Walker signed Grover Norquist’s “No Climate Tax Pledge.” This means he committed to “oppose any legislation relating to climate change that includes a net increase in government revenue.”
The Milwaukee Journal Sentinel reported that little has been done to combat climate change under Walker’s administration. “After an intense focus on climate change under Democratic Gov. Jim Doyle, Republican Gov. Scott Walker and the GOP-controlled Legislature have devoted little attention to such issues.”
Rather than relying on bombastic climate denial, Walker’s approach to environmental and energy issues has been rooted in a low-key, consistent, and arguably more effective and dangerous implementation of anti-environment tactics in state government.
In 2011, Walker pushed to eliminate state subsidies to cities and towns to operate recycling programs, and more recently proposed an end to funding a renewable bioenergy research center (despite a recent Iowa-inspired reversal on ethanol subsidies). He’s pushed to interfere with wind turbine placement while helping to pave the way for a “frac sand” mining industry that threatens the environment and public health.
Walker’s record concerns environmentalists, but it’s likely his past — and potentially future — electoral success that concerns them more.
3. Donald Trump

The billionaire businessman doubts the reality of climate change as well as policies that attempt to address it, judging by past statements and his twitter feed. He has said “the EPA is an impediment to both growth and jobs.” He supports fracking and has a long-running vendetta against wind farms that are within sight of his properties.
“I’m a huge believer in clean air,” he told Jake Tapper last month. “I’m not a huge believer in the global warming phenomenon.”
When Tapper responded that most scientists say it’s real and man-made, Trump said “there could be some man-made too, I’m not saying there’s zero, but not nearly to the extent — when Obama gets up and said it’s the number one problem for our country, and if it is, why is it that we have to clean up our factories now and China doesn’t have to do it for another 30 to 35 years?”
Trump admitted he was being sarcastic when he tweeted that “the concept of global warming was created by and for the Chinese in order to make U.S. manufacturing non-competitive.”
Like many other issues, a Trump presidency would not treat addressing climate change in a serious manner.
2. Rick Santorum

The former Pennsylvania senator doubts the scientific consensus on climate change, saying it is “speculative science, which has proven over time not to have checked out,” and a “beautifully concocted scheme.” In fact, he said he was more qualified to talk about climate change than the pope last month when the Vatican released its historic encyclical on climate change.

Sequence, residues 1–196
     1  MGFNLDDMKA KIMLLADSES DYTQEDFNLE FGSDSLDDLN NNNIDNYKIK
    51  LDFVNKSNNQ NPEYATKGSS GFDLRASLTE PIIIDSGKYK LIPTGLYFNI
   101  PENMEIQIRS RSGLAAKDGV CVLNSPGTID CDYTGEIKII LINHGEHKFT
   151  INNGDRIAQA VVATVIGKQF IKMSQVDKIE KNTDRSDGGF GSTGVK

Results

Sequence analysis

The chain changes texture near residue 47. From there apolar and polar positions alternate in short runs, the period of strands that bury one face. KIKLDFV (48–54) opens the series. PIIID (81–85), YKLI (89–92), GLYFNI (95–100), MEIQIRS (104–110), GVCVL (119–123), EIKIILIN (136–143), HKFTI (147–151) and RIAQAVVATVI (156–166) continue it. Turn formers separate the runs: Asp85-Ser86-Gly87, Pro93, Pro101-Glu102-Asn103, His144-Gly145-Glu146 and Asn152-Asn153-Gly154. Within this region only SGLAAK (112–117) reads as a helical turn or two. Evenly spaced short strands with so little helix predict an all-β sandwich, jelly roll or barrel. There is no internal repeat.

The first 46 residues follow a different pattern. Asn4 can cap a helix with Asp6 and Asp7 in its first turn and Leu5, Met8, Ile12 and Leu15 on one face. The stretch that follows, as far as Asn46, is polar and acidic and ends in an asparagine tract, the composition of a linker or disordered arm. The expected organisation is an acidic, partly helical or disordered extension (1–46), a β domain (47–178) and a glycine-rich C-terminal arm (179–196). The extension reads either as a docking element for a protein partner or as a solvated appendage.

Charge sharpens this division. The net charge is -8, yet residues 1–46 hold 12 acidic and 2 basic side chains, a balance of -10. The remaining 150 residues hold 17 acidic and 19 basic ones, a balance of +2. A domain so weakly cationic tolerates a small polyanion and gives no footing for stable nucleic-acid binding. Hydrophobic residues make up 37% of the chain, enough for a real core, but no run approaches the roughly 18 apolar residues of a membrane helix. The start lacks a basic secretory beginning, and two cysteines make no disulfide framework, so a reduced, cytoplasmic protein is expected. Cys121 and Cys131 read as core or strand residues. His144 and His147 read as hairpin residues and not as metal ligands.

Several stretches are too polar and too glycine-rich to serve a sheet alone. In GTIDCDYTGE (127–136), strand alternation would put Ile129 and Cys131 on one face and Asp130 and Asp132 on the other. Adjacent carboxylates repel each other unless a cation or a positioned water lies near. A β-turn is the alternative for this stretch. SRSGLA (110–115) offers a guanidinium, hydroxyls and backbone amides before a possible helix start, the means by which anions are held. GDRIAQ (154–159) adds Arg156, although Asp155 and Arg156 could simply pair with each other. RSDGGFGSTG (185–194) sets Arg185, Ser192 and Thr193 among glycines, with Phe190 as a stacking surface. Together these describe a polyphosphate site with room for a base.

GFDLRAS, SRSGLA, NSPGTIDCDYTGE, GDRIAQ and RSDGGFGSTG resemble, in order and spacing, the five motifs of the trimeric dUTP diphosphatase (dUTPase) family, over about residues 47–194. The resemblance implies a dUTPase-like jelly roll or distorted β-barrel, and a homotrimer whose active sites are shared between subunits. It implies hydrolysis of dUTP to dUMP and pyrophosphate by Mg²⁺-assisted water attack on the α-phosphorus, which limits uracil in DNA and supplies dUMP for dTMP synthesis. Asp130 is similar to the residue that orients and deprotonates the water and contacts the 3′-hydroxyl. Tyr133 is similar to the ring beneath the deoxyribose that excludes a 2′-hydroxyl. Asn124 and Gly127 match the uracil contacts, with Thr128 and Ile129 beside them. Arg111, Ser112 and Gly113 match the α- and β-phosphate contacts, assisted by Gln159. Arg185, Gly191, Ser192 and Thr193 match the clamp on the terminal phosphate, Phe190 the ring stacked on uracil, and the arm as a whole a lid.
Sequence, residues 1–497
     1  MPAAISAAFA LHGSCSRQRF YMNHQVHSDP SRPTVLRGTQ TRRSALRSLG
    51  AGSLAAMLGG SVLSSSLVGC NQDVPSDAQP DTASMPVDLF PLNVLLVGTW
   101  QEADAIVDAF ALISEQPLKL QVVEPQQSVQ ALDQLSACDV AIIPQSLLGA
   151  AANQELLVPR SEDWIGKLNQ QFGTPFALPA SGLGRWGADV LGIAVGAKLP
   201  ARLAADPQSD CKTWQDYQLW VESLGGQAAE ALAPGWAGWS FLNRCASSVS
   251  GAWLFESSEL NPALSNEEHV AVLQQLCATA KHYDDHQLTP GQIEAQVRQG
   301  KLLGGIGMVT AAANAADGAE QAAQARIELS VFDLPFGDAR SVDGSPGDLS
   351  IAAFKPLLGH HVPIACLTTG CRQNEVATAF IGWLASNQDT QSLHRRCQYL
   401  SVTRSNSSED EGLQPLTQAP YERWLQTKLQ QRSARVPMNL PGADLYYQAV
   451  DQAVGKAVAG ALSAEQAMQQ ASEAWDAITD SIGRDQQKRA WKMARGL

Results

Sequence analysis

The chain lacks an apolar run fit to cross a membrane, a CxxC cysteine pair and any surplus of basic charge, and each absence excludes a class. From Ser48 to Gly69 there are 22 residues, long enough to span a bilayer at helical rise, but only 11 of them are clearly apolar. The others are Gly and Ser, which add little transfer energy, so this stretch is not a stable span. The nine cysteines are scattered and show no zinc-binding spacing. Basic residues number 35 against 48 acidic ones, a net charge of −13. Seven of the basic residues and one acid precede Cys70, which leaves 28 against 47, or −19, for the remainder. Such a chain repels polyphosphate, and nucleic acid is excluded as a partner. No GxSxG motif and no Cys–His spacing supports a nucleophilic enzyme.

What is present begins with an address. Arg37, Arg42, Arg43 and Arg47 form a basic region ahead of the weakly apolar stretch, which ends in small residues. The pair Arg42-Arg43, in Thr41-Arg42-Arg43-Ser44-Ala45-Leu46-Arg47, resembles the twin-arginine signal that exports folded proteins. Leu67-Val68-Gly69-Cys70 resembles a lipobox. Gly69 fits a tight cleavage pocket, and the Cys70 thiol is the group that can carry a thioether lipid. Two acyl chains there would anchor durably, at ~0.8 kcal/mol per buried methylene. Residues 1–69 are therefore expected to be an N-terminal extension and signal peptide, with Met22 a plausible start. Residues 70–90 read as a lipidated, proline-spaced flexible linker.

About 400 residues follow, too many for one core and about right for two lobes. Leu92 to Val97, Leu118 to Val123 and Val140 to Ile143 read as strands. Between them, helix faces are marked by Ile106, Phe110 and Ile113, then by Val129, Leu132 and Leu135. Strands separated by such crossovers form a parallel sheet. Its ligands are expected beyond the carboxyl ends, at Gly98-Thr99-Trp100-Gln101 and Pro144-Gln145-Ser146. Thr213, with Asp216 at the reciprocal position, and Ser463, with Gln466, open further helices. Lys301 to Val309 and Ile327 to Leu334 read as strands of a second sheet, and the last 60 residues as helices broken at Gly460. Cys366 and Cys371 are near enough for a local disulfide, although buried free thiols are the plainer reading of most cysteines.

“The church has gotten it wrong a few times on science,” Santorum told a radio host a week earlier.
“I refer to global warming as not climate science, but political science,” Santorum said during his last presidential run. “A lot of these environmental sciences are just that — political sciences. They have nothing to do with … real understanding of how we have to value both the environment and its impact on man and the world.”
He’s said that anything the U.S. could do on climate change would have “zero impact” unless other countries act — barring, assumedly, agreements with other countries to limit emissions. In April, after Santorum criticized EPA regulation limiting mercury pollution from power plants, ruled that his criticisms were inaccurate.
If he opposed regulating mercury pollution, it is difficult to see a President Santorum thinking positively about regulating carbon dioxide. In 2012, he joked, “tell that to a plant, how dangerous carbon dioxide is.”
1. Ted Cruz

Cruz doubts what he calls the “pseudoscientific theory” that tells scientists human activity causes climate change. He also told CNN that in “the last 15 years, there has been no recorded warming.” The junior senator from Texas has compared his climate denial to the intellectual bravery of Galileo.
After 35 trillion gallons of water fell on his home state, Cruz was asked about the role climate change played. He said, “I think it’s wrong to try to politicize a natural disaster.” Scientists, including experts in Texas, disagreed, with one calling Cruz’s denial of scientific reality “shameful.”
Cruz has introduced legislation that would expand oil and gas drilling, approve the Keystone XL pipeline, prevent the federal government from regulating fracking, and curtail EPA regulations. He says he supports an “all of the above” energy policy, which to him means allowing the private sector to decide what energy sources are best.
He relies on his denial of mainstream scientific consensus to inform his policy positions. “The federal government has no business attempting to massively reorder the global economy, resulting in policies that kill jobs and keep people from rising out of poverty, all in the name of a theory that can’t be proven or disproven,” he told National Journal in February.
So barring a change of heart on the science, Cruz is likely to be the candidate who most diligently rolls back policies to cut carbon pollution.